Biden holds a series of meetings with China’s Xi Jinping in Washington

Vice President Joe Biden and his Chinese counterpart Xi Jinping met at the annual annual Washington-Beijing Economic and Security Dialogue, and in the State Dining Room on Sunday, Liu expressed his hope that the two countries would strengthen coordination in the international arena, including on the fight against terrorism. Biden spoke about the new security challenges the country faces and the deepening links with the international community, including China.


Biden said both he and Xi were “shocked” by the killing of Jamal Khashoggi. “I know our troops are increasingly engaged in the global war on terror, and the atrocities that are being committed by ISIS, al-Qaida, Boko Haram, ISIL and others have shaken many of our citizens around the world. This atrocity must end and those responsible for it must be held accountable,” Biden said. He then highlighted the growing impact of social media in the “universal” interconnected world, and recalled the importance of the Internet to advancing human rights and freedom.


While Biden praised China’s enormous number of private-sector jobs, he also raised concerns about the country’s threats to intellectual property, which could threaten its leading position as a producer of high-tech products. “China is the world’s largest economy and our largest trading partner, and we’ll continue to work together to make America more competitive,” Biden said. “I have no question the United States and China will overcome our differences in order to maximize our mutual interests in the future of our countries.”


The vice president also talked about greater tensions in Asia, in particular in the South China Sea. “With China’s rapid rise, the risk of global tension is rising, with each passing day more visible, more threatening,” Biden said. He also spoke about the development of a “new norm” in the region for the use of force and coercion when it comes to disputes. The vice president also expressed his concern over China’s treatment of human rights defenders and the detention of journalists. “Media freedom is vital to an open and democratic society, and we cannot accept China’s efforts to stifle the free flow of information,” Biden said. “This is not a place where it’s appropriate for the expression of different views.”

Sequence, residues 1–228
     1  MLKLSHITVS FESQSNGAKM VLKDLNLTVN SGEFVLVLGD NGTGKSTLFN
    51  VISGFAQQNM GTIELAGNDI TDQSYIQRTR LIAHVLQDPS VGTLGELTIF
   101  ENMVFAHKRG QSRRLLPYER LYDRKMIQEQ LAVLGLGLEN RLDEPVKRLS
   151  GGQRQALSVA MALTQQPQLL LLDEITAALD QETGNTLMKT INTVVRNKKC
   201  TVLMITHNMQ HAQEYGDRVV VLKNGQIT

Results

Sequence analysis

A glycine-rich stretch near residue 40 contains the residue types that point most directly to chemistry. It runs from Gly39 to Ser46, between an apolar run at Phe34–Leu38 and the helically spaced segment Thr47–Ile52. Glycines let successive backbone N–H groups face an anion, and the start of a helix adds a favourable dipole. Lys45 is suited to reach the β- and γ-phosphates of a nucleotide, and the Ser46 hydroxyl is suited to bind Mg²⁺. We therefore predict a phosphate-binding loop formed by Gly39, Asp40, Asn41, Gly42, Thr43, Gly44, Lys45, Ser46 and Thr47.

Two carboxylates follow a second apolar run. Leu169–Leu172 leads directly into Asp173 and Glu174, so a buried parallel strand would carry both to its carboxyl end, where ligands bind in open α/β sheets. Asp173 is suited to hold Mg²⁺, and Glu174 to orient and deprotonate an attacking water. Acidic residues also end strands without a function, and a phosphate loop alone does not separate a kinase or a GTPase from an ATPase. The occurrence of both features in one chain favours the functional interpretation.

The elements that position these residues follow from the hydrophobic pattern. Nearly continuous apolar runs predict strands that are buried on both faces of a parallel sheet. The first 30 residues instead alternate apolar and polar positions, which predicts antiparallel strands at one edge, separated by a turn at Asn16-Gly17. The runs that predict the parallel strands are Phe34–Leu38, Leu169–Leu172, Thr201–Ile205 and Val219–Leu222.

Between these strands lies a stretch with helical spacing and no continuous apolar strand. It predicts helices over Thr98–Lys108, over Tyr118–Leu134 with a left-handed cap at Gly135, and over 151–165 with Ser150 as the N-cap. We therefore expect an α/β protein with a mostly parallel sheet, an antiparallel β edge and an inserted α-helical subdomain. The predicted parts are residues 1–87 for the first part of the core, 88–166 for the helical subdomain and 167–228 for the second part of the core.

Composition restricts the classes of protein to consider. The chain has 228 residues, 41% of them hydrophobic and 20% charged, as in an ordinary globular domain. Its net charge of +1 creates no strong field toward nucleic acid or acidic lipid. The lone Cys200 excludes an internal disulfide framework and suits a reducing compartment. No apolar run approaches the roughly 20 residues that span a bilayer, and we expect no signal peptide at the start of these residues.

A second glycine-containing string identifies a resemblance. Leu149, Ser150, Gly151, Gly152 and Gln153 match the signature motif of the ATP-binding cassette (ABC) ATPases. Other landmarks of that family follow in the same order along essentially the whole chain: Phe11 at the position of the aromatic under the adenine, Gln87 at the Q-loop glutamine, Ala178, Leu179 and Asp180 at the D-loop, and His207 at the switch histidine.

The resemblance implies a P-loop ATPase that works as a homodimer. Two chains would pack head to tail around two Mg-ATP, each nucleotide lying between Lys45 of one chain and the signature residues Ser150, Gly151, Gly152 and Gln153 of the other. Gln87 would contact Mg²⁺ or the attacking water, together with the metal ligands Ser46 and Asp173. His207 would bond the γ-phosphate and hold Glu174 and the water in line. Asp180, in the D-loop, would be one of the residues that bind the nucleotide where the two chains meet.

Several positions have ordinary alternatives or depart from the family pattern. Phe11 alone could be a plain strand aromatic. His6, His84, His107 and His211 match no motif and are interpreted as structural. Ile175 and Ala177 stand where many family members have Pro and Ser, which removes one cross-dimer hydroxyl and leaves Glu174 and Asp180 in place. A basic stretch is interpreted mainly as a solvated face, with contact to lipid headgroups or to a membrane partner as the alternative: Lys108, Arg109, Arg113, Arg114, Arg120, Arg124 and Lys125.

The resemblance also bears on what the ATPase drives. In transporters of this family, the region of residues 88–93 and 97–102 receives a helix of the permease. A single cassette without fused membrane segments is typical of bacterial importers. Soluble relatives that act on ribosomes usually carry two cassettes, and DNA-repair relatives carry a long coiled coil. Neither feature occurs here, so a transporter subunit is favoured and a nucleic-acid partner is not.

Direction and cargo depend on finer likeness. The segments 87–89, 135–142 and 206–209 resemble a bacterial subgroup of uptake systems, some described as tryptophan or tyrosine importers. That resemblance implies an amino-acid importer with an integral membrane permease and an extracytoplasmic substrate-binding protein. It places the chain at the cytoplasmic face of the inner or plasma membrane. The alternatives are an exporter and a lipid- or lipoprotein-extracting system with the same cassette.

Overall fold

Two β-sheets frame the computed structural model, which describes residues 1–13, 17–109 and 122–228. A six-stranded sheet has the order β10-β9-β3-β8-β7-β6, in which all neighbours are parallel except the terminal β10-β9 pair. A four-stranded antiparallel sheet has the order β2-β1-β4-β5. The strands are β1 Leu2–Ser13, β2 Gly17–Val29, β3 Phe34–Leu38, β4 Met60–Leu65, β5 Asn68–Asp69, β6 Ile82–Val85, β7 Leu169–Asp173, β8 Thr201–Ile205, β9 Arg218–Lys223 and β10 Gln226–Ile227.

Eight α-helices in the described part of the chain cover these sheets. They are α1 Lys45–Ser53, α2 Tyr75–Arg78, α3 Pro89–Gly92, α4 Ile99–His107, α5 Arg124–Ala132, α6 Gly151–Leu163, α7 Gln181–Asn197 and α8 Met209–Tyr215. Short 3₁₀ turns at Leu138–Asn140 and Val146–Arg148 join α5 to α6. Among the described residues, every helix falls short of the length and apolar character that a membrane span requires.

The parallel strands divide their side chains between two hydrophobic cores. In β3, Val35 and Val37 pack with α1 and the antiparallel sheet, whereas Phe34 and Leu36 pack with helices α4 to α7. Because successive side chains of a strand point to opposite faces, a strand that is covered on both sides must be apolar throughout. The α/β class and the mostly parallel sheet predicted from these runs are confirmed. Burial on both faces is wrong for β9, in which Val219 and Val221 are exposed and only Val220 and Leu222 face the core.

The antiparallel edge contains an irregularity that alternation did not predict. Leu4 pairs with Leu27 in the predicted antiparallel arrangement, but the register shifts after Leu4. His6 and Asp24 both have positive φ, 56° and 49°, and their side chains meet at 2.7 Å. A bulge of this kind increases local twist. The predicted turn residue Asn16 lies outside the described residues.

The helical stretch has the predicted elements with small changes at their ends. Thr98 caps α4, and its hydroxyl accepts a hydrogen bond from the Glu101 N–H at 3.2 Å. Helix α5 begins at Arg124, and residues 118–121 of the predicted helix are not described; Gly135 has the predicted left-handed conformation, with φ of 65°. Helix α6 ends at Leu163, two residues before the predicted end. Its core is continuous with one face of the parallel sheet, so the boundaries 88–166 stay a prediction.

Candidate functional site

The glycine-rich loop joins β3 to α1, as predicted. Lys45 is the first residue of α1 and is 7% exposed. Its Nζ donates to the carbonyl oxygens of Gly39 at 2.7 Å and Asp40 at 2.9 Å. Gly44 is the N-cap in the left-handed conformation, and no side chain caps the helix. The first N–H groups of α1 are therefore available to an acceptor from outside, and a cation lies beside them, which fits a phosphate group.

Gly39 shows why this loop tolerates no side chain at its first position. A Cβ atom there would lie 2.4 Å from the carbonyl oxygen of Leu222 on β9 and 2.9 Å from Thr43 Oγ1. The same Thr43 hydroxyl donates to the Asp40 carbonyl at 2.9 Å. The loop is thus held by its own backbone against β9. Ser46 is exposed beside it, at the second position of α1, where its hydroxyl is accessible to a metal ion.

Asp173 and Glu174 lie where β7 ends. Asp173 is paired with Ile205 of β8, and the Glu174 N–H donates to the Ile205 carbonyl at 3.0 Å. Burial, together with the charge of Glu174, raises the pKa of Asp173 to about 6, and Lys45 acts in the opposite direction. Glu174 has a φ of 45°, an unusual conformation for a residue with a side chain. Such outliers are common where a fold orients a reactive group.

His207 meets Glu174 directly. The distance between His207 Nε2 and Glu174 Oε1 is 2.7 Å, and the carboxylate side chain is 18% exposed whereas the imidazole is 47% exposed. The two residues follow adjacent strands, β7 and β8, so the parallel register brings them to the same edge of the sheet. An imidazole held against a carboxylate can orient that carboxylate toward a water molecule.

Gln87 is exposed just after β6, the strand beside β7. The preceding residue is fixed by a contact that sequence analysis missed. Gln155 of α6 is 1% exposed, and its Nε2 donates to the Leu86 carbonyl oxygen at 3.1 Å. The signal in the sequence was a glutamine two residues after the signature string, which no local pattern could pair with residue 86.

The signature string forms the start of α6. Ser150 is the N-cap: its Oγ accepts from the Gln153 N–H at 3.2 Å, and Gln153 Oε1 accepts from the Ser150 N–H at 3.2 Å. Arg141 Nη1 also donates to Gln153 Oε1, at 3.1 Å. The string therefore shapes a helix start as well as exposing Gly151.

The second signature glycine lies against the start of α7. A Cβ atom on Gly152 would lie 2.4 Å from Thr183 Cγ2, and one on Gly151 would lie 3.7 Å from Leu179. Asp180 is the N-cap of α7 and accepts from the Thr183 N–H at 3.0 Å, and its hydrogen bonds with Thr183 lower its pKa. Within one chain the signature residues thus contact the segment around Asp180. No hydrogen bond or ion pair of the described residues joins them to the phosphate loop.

While laying out the challenges, Biden also addressed the significance of the region for U.S. foreign policy. “I believe the greatest threats to America’s security and prosperity come from abroad, not within, and they are rooted in instability,” Biden said. He cited a United Nations report from April that determined the Asia-Pacific will host a generation of “major powers” — referring to the U.S., China, India, and Russia — that are increasingly uniting to address global problems.

“The United States will continue to play a major role in the Asia-Pacific, bolstering our alliances and partnerships there. But for the challenges and opportunities the region and the world faces, we cannot do without China,” Biden said. “The rise of China is a success story with enormous potential for both the People’s Republic of China and our broader trans-Pacific economic and security partners. We are all better off when China is playing by the rules, and the rules can only become more liberal and open if China embraces them.”

Xi stressed the importance of Chinese-American relations. “The two-way ties of China and the United States are not only deeply rooted in history and tradition, but also borne of a mutually beneficial trade of potential, and mutual understanding and benefit,” Xi said. “Since ancient times, China and the United States have had deep historical and cultural ties. And as the greatest countries of the world, I believe that China and the United States will always stand shoulder to shoulder in promoting the path of peace and cooperation in the world.”

Both are set to meet again later this week in Florida, when Xi will attend the APEC Summit in Palm Beach, Florida.

Published Dec. 21, 2016

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